The Czech filmmaker Karel Zeman didn’t start his professional career in anything to do with film or animation. During his twenties in the 1930s, he worked at an advertising studio. Trying something unique to sell a product, he used animation in an ad for soap. This creativity, linked to technical fluency and patience, must have struck something deep because he fell in love. Clearly some things are just meant to be.
A decade later, he had started working at an animation studio and created his first short film in 1945, A Christmas Dream, where Zeman animates a little girl’s doll. The next year he released another short, A Horseshoe for Luck, which was the first to feature Mr. Prokouch, a wooden puppet he created and set in motion. Probably the best sign of what was to come in these early years, though, was the stunning Inspiration, from 1949, which is the result of a bet; a friend didn’t think Zeman could animate with glass. His friend was wrong. This little film is as delicate as its dancing figurines.
Over the next few years he made several more shorts, including several more with Mr. Prokouch, as well as the longer, at thirty minutes, King Lavra. In 1953 he made his first feature, The Treasure of Bird Island, based on a Persian poem and with production design based on Persian miniatures.
Zeman loved making films that inspired imagination and that gave life to some of his favorite stories, especially those by Jules Verne. His next feature Journey to the Beginning of Time (1955), while not precisely an adaptation of Verne’s Journey to the Center of the Earth is certainly a close analog. He continued to push the limits of his imagination, both in terms of how to tell a story and what new techniques he could develop to tell it that way. Invention for Destruction (1958) and The Fabulous Baron Munchausen (1962) are stunning achievements that inspire wonder still. Zeman deserves the appellation the Czech-Méliès, for he is a clear heir of Georges Méliès.
Today The Criterion Collection is releasing a wondrous box set containing Journey to the Beginning of Time, Invention for Destruction, and The Fabulous Baron Muchausen. The set also includes the four shorts I mentioned above, as well as a host of supplements that go into Zeman’s life and the fantastic techniques he used to create these unique films.
Journey to the Beginning of Time
Journey to the Beginning of Time is, as I said above, pretty closely linked to Jules Verne’s Journey to the Center of the Earth. When it begins, our narrator, a young boy who assumes the role of record keeper and scientist, is fixing a battered book. He tells us it is a record of a journey he and three friends made after they found a trilobite fossil. Knowing the fossil was hundreds of millions of years old, he and his friends are struck by how deep time is, and they decide to venture through a special cave and down a river to see it all in reverse.
Honestly, as a story, this one is not unique or particularly special. The children are never shown to be in any real danger, though predictable mild peril is frequent. It feels a lot like an episode of The Wonderful World of Disney. To be clear, I still liked it for this. I’m a sucker for things that simply marvel at history, even if it marvels from a distance and stays focused on the surface. It’s still fun to go through the ice age, witness a made-up wholly rhino fight, gasp at the dinosaurs, fret about the strange vegetation that was creeping up on the land, and, finally, to arrive at the rocky shore near the beginning of it all and find a living trilobite. The drama is the passage of time. And a lot of the excitement for me was seeing how Zeman pulled it off.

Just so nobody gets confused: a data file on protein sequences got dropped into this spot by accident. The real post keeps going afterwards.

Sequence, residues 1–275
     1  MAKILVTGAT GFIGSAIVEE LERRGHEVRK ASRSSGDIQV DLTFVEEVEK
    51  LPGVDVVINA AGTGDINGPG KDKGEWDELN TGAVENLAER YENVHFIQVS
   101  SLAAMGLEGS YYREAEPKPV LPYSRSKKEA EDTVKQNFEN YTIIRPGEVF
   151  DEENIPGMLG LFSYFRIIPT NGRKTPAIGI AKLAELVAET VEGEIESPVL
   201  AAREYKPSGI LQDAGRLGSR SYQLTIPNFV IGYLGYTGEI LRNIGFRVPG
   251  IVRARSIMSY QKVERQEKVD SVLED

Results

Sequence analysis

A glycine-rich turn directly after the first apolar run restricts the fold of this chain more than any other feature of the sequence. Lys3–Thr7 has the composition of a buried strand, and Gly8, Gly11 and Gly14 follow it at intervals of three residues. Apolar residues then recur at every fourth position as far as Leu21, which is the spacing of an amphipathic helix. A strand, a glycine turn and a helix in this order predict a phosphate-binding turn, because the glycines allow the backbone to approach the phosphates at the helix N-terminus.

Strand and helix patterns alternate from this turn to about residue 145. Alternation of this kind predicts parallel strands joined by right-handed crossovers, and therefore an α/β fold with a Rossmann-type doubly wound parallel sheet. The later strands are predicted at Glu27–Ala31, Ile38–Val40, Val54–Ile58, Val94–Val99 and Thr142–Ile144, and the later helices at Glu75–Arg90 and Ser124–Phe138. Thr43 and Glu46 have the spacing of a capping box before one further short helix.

Invention for Destruction
If Journey to the Beginning of Time was inspired by Jules Verne, for Invention for Destruction Zeman made an explicity adaptation of Verne’s 1896 novel, Facing the Flag.
The plot is fun enough and definitely makes more room for itself than did the plot of Journey to the Beginning of Time. Zeman makes this clear from the beginning.
It involves pirates who kidnap a professor and his assistant in order to build a kind of super weapon. The professor works in comfort and does not know what has happened to his assistant, nor does he know he’s bringing about fantastic technology not to serve humanity but to harm it. The assistant knows all to well, though, and lays out his plot to thwart the pirates.
What’s better than the plot, though, is that Zeman also used the illustrations found in Facing the Flag to inspire his set design. The real treasure here is the visual feast and lovely sense of whimsy Zeman packs into the picture.
The Fabulous Baron Muchausen
For the last film in the set, 1961’s The Fabulous Baron Muchausen, Zeman moves away from Verne and adapts the stories of Baron Munchausen in a style inspired by Gustave Doré. Ah but wait! Zeman doesn’t move too far from Verne! This story has an astronaut landing on the moon and meeting there not only the Baron himself but also the characters from Verne’s From the Earth to the Moon.
The Baron decides to return to earth to show this “moon man” how to live, but when they start competing for the affection of a princess things get testy. This leads to a very fun film filled with what you’d hope for in a Baron Munchausen movie: one silly adventure after another.
This really is a special set of films, and Criterion also packs in lots of extras. Besides the shorts I mentioned above, there are many supplements about Zeman’s life, about his processes, and about these films. It comes with my highest recommendation.